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Systems of the Gateway Domain: Kishimaa (1933 Diamond-Prince/Ley)


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Edit: it turns out Kishimaa does have some description in canon after all: in the intro story to the T20 THB. So I've described a world that I thought was "untouched", when it wasn't. Oh well.

Note: Kishimaa fits nicely as the unspecified system which is used part way through the Cold Fuzion adventure in Gateway to Destiny.

Kishimaa 1933 Diamond-Prince/Ley (Imperial)
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Kishimaa – sole habitable planet in a solar system of the same name – is a torrid world, and mostly impractical for low-tech habitation. The average temperature is around 90 Celsius in the tropics, but it drops by 60 or 70 around the poles. The air is dense and humidity is high. Almost all of the population live in or near the southern Arctic Circle, whose northern counterpart is short on dry land but over-endowed with volcanoes, earthquakes and tsunamis.

Terrain in the southern inhabited zone runs the gamut. There are mountains, rivers, broad valleys, jungles and desert scrub, savannah and deciduous forest, and oceans of sand as one heads for the equator.

Kishimaa is a recent entrant to the Imperium; it has been a member for less than a hundred years. Before joining, it had a repressive oligarchic government with a system of “indentured assignment” for the masses that was very, very close to chattel slavery. The world’s ruling classes kept the technology down, and they were in no rush to join the Imperium and have their compliance with Imperial High Law examined. The Imperium was in no great hurry to absorb the world either. It was of little economic interest; and despite slight strategic importance as a “choking” link between Imperial systems on the Serpent Main, it never interfered with through traffic in practice.

It was moral outrage at the “slavery within the Empire” that finally brought Kishimaa into the Imperium, thanks to a series of documentaries shot by a journalist from Ohasset (1435 Satyressia/Ley) using high-tech cameras and bugging devices. The Sector Duke was eventually convinced that “something must be done”, so the diplomatic, commercial and dirty tricks machinery swung into action. Two years of uprisings and some remarkably rapid peacekeeping deployments saw government split between a variety of successor states. They were unanimous in applying for Imperial membership.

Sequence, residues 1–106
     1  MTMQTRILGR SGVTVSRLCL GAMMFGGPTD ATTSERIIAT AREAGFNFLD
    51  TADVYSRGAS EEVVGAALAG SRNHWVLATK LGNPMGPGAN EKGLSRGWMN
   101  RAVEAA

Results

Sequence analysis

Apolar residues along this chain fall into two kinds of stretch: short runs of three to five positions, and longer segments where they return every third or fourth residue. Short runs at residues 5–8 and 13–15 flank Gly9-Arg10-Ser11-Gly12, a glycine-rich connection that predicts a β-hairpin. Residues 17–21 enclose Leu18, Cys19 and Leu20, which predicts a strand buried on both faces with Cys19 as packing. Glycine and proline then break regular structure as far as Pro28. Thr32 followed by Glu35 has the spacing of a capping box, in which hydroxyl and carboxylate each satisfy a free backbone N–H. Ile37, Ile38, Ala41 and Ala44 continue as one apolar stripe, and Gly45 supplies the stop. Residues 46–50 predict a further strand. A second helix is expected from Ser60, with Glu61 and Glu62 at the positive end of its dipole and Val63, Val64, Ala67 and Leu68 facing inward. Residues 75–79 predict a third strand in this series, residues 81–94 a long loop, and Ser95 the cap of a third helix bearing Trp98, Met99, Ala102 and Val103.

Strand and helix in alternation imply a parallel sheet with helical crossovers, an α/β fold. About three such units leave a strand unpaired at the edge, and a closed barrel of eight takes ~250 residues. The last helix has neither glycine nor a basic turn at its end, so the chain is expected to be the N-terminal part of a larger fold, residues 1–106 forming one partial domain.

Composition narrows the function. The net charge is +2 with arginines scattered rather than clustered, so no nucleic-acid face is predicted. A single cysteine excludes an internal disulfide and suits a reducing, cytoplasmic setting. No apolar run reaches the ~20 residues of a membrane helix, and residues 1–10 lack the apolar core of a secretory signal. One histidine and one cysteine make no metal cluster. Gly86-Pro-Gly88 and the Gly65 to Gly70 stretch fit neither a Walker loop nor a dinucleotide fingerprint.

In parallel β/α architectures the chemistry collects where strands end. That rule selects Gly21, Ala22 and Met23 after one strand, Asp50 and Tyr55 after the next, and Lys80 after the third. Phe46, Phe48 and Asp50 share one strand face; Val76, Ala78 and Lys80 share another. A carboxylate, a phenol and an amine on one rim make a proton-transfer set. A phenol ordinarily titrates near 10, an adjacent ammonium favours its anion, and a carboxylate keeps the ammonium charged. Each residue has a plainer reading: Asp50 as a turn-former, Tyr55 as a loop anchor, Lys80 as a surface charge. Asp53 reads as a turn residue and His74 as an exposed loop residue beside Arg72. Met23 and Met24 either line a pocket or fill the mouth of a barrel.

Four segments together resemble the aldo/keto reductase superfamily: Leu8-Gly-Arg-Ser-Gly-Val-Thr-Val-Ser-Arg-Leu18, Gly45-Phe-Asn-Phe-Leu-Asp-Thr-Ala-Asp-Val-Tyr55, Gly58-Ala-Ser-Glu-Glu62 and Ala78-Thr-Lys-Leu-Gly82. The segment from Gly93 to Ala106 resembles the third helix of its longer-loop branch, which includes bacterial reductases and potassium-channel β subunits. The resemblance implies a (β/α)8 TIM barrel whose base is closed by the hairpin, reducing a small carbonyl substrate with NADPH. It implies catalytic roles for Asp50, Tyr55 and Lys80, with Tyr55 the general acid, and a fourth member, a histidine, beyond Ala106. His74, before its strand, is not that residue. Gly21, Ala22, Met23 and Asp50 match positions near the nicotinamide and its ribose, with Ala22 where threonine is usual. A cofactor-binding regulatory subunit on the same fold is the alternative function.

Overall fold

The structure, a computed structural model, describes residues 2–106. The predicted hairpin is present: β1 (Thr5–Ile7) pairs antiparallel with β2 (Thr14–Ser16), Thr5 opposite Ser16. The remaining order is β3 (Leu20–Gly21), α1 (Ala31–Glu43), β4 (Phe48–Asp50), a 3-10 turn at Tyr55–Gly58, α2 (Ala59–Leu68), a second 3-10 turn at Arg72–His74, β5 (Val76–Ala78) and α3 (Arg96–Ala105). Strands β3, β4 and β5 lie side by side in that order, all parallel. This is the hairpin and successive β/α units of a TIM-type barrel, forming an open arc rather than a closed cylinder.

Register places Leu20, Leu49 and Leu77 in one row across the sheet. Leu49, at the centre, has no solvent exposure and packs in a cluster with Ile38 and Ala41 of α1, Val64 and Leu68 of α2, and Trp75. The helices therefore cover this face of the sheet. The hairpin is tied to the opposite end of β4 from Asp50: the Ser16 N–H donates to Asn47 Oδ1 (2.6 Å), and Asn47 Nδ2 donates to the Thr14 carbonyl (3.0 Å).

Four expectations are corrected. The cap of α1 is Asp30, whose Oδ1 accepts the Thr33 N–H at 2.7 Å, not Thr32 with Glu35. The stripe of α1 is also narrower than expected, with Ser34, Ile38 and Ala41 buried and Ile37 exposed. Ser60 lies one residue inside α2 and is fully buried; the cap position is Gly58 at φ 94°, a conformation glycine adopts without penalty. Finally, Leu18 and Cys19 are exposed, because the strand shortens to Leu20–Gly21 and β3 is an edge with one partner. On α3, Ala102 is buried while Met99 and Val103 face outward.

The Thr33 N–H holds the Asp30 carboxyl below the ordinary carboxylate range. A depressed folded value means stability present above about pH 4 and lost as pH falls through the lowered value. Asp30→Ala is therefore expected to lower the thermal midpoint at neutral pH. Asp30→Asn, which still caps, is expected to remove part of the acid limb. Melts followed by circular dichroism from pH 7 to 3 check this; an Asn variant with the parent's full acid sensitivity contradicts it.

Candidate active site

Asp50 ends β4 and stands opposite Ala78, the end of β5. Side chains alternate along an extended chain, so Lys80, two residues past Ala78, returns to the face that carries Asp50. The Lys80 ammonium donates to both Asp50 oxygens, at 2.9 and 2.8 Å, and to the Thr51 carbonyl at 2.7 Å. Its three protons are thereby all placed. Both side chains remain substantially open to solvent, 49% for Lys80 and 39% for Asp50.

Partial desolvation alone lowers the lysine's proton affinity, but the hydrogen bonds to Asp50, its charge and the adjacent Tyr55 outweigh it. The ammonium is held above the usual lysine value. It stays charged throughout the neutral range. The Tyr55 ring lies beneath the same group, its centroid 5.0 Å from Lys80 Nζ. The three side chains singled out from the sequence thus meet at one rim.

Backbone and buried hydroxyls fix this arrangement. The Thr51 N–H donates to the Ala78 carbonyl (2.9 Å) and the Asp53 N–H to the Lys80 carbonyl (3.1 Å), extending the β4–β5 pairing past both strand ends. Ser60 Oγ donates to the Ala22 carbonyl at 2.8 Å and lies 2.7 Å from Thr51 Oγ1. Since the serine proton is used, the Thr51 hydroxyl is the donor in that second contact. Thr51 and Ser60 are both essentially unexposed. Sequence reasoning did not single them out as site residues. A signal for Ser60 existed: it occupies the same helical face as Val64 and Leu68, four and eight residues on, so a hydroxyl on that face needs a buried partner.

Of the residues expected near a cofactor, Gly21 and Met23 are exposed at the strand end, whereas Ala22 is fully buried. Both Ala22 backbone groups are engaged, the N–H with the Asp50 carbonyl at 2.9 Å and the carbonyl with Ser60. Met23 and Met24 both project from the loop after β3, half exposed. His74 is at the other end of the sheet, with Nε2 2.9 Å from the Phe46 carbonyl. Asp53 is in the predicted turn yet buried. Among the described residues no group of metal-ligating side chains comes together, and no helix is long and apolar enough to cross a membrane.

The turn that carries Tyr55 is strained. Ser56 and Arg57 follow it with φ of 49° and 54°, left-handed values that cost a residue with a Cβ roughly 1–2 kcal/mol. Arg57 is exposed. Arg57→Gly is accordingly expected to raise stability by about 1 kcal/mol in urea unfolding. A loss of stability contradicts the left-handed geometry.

The main industries on Kishimaa were traditionally subsistence farming, ranching, servility and working as a lackey to keep the peasants down. The last two are on the wane, but there is still a very pronounced class system. Agricultural/industrial day labourers are below tenant farmers and domestic servants, who’re below landowning farmers, who’re about level with shopkeepers but below the larger merchants and the narrow professional class, who’re nobody in social terms if they haven’t owned hundreds of square kilometres for hundreds of years. Factory owners, bankers and railroad tycoons are hard to place; they cause considerable confusion at social functions when they collide with the society’s stiff manners. Few question this – a progressive on Kishimaa is one who congratulates a sweeper-turned-shopkeeper on rising in society, not one who abhors the distinction.

Before the Imperium came, technology (outside of bodyguard units and great estates) was around level 2. It’s now tentatively an average of four, but there’s huge variation. Oxen pull most ploughs. Coal miners use picks and pit ponies to retrieve coal that was located by seismic/densiometric survey and computer analysis, before it’s fed to steam locomotives that use TL10 low-friction ceramic bearings in place of grease. Navvies laid the railroad, through mountains drilled by superdense tunnelling machines flown in on fat traders. Most post offices have a telephone plugged into the sky-net, with e-mail facilities, and from there children will usually carry messages for a small coin. Visitors will have no trouble connecting to the communications net in the south, where the staggered polar com-sat orbits overlap, but service is intermittent elsewhere on the planet.